The federal government is poised to publish a proposed consumer-protection rule that would require all processors of raw ground beef to keep records so retailers can better trace the sources of contaminated products, the U.S. Department of Agriculture announced Wednesday.

The rule is designed to minimize the number of people affected by food-borne illnesses like the 2011 salmonella outbreak that was linked to ground beef sold by the Scarborough-based Hannaford supermarket chain. Hannaford’s records met federal requirements at the time, but because the records were incomplete, the USDA couldn’t identify the source of the beef that sickened at least 20 people.

That gap in the nation’s food-safety system was the focus of a Portland Press Herald/Maine Sunday Telegram special report, “Anatomy of a Recall,” published in March 2012. The investigation found that the USDA had known since 1998 that better record-keeping was needed to help food-safety investigators trace sources of contaminated meat and prevent additional illnesses.

The USDA’s Food Safety and Inspection Service has now concluded that record-keeping “has not been sufficiently effective” among grocery stores and other retailers that regularly make ground beef using meat from various sources, according to Wednesday’s news release.

The proposed rule would require retailers to keep clear and detailed “grinding logs” that identify the source, supplier and names of all materials used in the preparation of raw ground beef products.

“The improved trace-back capabilities that would result from this proposal will prevent food-borne illness by allowing (the Food Safety and Inspection Service) to conduct recalls of potentially contaminated raw ground products in a timelier manner,” said Brian Ronholm, the USDA’s deputy undersecretary for food safety.

The proposed rule was posted Wednesday on the Food Safety and Inspection Service website and will be published soon in the Federal Register. Interested parties will have 60 days to submit written comments before the agency moves ahead with formalizing the rule.

Better record-keeping is expected to reduce illnesses from an E. coli strain linked to ground beef by 30 percent. It is also expected to lower the cost of ground beef recalls and enhance investigations.

The USDA has estimated that improved record-keeping requirements would affect 76,390 stores and cost them a total of $20.5 million per year in added labor costs to develop, record and maintain grinding logs.

Hannaford recalled 17,000 pounds of ground beef in December 2011, after an outbreak of salmonella typhimurium that sickened at least 20 people, 12 of whom reported eating Hannaford beef in the week before symptoms appeared. The source of the tainted meat was never identified.

Hannaford voluntarily improved its record-keeping after the recall. Company spokesman Eric Blom said the supermarket chain has implemented an electronic tracking system that ensures all sources of the beef ground in its stores are identified and recorded.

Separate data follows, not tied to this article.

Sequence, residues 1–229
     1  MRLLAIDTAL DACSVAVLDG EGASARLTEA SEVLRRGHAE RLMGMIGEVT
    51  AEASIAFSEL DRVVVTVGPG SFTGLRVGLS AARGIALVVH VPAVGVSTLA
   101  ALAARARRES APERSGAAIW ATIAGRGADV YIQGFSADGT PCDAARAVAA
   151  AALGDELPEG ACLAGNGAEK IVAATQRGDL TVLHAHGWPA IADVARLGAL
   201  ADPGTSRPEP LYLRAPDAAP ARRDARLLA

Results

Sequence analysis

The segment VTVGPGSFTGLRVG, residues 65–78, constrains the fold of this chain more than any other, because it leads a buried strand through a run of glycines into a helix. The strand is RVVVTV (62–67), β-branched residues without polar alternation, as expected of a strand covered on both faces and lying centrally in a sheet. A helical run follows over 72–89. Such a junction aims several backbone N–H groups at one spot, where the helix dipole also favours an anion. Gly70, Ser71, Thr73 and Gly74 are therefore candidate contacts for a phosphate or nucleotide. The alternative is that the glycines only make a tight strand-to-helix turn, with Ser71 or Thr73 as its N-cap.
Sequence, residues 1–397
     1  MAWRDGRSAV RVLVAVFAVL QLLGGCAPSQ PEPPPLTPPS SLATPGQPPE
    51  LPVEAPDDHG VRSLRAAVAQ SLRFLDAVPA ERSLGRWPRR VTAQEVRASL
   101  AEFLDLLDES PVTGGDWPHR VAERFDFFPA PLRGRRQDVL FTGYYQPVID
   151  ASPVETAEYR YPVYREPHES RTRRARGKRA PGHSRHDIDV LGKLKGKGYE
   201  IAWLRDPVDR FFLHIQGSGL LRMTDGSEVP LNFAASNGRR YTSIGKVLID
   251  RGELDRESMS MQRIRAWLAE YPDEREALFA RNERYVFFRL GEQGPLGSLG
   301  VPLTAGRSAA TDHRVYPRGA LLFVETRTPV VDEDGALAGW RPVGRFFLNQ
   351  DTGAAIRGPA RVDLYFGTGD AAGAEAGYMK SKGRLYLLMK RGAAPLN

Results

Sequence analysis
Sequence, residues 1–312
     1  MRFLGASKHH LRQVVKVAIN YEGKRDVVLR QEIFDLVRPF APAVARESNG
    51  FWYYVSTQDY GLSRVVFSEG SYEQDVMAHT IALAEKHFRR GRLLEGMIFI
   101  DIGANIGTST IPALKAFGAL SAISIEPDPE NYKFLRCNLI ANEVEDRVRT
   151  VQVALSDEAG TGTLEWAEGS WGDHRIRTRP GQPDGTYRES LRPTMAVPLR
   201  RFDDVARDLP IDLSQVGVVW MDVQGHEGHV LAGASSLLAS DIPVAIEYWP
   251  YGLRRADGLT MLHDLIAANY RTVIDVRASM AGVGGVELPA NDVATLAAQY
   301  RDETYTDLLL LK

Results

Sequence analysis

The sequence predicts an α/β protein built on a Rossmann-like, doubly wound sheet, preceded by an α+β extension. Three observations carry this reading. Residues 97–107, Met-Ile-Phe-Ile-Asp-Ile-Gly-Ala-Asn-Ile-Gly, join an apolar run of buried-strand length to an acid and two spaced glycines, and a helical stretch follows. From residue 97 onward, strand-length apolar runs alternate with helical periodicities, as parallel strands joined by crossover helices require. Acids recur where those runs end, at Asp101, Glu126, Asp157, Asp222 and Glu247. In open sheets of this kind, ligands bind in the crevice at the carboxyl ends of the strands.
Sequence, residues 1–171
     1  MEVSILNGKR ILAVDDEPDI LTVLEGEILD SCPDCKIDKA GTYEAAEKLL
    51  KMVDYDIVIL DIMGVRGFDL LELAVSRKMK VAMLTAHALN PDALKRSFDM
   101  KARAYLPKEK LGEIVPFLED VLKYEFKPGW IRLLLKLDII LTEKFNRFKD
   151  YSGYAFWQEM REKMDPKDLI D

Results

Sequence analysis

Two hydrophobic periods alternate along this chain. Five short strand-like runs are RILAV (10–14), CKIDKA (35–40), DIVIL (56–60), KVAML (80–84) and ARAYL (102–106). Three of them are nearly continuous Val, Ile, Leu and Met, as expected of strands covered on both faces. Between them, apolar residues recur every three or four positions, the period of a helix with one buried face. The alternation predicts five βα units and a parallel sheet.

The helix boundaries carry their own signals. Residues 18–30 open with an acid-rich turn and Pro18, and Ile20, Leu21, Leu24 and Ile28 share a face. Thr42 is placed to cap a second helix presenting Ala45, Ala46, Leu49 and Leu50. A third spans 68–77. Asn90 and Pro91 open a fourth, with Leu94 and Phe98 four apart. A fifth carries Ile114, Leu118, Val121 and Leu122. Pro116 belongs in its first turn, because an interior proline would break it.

“It provides the records USDA wants to have available from all retailers,” Blom said in a prepared release. “We believe this system is industry-leading and a model that can be pursued by others.”

Blom noted that the proposed USDA rule offers guidance for supermarkets and would create consistency among retailers.

Since 1998, the USDA has recommended – but not required – that stores keep better beef-grinding records.

After the 2011 Hannaford recall, the USDA said it had been working on a rule to require stores to record the source of all meat that they grind.

“The fact that this rule has seen the light of day is promising,” said Tony Corbo, a lobbyist for Food and Water Watch, a Washington, D.C.-based consumer rights group.

“This is a huge hole in the USDA’s ability to do trace-back,” Corbo said Wednesday. “I need to take a good, hard look at the proposed rule to see if there are any loopholes and provide comment.”

Corbo said it was the 2011 Hannaford recall and the Press Herald/Telegram’s coverage of the issue that pushed the USDA to finally take action. He also credited U.S. Rep. Chellie Pingree, D-Maine, with raising the alarm and keeping pressure on at the national level.

“This is something we have been pushing hard for and I’m glad regulators have agreed it’s necessary,” Pingree said Wednesday in a prepared statement.

“The voluntary guidelines that have been in place were just not sufficient when contaminated ground beef ended up in the grocery store,” Pingree said. “But I do want to look at the proposed rules carefully to make sure they don’t put an unreasonable burden on small producers who have not been part of the problem in the first place.”

Pingree is married to S. Donald Sussman, majority share owner of the Press Herald/Telegram.

Local retailers have said it would take more time to record beef sources, but they would comply with USDA rules.

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